1. What, are you struggling with the notion of a “predetermined career in law”? Or think someone with a degree in Law understands Intellectual Property Law as you understand it (keeping in mind slight differences in the laws of other countries, even if they offer similar protections under various treaties). Or do you think anyone calling herself a “writer” and claiming to love “creating things from scratch” could’ve done a better job of writing wholly original material?

        I’m not sure any of those are fair assumptions, although being asked to write another guest post seems an odd sort of restitution. I’ve read both posts and I’ve seen much more obvious and egregious examples of plagiarism defended on the web by people with just as much reason to “know better.” And given the complexities and costs involved in taking people to court over it, I think everyone should be given some benefit of the doubt. Even second chances.

        I’m actually more disturbed by Firepole keeping this up, using it to generate traffic and discussion. Not to generate traffic to the original post, which is the one that arguably deserves the traffic. I think we are seeing one of the reasons why, under law, only the copyright owner can initiate an action against a violator. THIS is like trying someone in the media before they get their day in court.

  6. CJ says:

    Just easy to take it off, be done with it and move on. Things are too busy in business to waste time & energy on something easily solved. And, I would be cautious ever taking from that author again unless they can prove it is original. Truly wish you all the very best.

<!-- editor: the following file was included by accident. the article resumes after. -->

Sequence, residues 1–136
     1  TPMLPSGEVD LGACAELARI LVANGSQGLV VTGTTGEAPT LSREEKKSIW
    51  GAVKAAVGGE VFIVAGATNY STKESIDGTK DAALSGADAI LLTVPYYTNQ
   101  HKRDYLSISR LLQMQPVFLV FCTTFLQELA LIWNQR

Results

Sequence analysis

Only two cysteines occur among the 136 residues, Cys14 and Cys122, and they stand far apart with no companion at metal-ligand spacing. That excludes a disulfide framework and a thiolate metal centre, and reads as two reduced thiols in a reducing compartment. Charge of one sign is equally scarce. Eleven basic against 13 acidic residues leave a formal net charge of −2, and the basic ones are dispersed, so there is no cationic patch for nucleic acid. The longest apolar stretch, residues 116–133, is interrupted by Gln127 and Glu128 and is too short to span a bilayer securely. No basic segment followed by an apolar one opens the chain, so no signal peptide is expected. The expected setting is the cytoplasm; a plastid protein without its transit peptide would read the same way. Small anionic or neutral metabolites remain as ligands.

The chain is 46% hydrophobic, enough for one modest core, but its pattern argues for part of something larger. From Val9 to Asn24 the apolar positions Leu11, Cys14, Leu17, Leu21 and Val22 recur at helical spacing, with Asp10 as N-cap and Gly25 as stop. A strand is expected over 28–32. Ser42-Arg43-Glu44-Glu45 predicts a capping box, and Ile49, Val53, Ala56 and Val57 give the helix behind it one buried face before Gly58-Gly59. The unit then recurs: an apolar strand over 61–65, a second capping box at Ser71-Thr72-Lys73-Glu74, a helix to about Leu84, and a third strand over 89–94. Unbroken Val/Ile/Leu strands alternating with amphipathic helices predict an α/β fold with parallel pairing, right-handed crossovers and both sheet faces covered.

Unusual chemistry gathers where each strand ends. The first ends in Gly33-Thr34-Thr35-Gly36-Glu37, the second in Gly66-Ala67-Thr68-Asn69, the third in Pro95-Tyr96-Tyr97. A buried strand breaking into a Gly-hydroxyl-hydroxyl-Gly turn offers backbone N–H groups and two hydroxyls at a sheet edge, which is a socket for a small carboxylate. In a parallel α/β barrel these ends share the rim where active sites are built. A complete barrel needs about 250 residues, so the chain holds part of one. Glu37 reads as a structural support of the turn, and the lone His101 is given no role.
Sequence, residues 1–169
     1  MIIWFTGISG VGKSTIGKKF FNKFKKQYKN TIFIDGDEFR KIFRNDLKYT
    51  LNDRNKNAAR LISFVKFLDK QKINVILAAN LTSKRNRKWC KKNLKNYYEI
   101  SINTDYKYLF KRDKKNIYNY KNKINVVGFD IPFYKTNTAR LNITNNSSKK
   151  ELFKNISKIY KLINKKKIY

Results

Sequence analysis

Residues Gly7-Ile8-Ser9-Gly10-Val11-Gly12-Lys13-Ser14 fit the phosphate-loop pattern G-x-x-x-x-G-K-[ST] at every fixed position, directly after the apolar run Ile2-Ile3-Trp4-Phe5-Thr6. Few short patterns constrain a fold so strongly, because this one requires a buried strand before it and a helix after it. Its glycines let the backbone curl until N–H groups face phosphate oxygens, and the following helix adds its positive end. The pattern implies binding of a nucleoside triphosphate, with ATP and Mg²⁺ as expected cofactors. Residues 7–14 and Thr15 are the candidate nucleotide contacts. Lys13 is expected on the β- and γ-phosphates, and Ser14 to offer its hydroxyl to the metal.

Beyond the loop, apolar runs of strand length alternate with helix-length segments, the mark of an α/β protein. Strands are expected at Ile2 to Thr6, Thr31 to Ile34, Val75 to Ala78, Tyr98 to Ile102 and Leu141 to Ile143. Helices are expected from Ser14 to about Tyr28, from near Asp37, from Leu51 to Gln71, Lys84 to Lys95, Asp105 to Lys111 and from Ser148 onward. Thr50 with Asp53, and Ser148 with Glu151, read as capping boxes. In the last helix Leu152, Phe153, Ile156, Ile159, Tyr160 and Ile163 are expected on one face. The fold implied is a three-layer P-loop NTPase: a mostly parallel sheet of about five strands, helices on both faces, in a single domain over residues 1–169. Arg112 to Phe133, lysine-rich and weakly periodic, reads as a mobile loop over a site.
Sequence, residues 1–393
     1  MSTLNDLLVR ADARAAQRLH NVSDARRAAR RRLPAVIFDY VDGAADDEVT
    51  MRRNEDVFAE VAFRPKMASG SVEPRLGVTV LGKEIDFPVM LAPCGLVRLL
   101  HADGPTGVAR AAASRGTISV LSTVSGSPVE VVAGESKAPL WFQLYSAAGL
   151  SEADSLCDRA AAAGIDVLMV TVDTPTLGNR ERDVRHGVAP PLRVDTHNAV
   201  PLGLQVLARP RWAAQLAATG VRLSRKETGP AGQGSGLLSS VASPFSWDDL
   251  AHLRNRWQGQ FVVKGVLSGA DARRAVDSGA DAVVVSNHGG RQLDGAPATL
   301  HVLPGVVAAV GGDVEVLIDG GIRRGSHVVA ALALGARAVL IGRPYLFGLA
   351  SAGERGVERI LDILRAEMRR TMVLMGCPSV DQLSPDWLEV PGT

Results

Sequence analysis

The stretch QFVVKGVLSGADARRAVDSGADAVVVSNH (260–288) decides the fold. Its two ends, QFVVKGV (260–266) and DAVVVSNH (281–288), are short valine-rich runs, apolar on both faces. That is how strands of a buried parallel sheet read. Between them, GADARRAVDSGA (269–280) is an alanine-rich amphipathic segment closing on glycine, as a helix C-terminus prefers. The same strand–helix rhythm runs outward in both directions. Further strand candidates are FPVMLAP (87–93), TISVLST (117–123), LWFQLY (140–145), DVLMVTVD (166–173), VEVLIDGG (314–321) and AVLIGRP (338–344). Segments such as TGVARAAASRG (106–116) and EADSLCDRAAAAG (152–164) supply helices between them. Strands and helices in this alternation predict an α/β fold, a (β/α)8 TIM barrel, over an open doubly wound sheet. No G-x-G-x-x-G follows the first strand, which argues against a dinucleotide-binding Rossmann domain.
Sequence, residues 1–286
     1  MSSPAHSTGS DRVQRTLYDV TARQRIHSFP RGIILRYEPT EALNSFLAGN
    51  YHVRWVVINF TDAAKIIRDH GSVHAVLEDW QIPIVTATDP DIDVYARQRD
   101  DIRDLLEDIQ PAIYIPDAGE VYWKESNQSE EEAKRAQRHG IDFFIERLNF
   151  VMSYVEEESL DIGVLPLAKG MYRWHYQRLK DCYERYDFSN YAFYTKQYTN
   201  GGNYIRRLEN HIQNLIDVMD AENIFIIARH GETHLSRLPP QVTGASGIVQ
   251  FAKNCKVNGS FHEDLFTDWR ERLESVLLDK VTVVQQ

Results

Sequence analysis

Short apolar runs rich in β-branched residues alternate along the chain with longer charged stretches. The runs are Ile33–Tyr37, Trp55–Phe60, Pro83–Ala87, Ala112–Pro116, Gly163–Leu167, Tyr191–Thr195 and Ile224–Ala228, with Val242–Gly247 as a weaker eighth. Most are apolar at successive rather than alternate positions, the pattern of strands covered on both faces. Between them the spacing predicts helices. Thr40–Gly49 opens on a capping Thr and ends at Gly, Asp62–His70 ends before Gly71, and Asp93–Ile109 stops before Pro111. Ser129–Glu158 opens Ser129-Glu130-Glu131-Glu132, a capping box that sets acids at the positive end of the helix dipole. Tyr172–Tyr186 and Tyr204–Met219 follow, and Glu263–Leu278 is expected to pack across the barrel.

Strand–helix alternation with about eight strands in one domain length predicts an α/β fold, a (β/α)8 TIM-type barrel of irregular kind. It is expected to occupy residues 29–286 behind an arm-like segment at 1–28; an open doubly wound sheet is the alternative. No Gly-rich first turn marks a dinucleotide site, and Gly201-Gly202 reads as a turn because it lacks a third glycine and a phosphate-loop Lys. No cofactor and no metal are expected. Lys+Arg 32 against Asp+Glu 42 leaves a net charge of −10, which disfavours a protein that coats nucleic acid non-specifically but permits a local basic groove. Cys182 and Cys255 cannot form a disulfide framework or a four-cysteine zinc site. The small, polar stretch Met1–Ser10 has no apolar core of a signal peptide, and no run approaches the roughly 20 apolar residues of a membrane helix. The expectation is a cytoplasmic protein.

7. Like others I was able to find both posts with a Google search. I also noticed the plagiarizing blogger’s “apology” at the end. She clearly has absolutely NO idea what it means to be a writer. I’m shocked. Just shocked.

    She lifted entire sentences from the other post. Copied the headings, in some cases word for word.

    No, it would NOT have been enough to “acknowledge” the original author’s work! A true writer does not copy word for word! For that matter, a true writer’s work would not in any way resemble another’s work, even if they are writing on the exact same topic.

    Would some of the concepts be the same? Certainly. But it would be so very clear that one writer was writing from their own experience and expertise, and the other from theirs.

    Again, I’m appalled that this guest blogger doesn’t even understand the rudimentary aspects of writing an original post, and what is, and isn’t, plagiarism.

    She plagiarized. If she doesn’t understand that she plagiarized, then she has no business writing.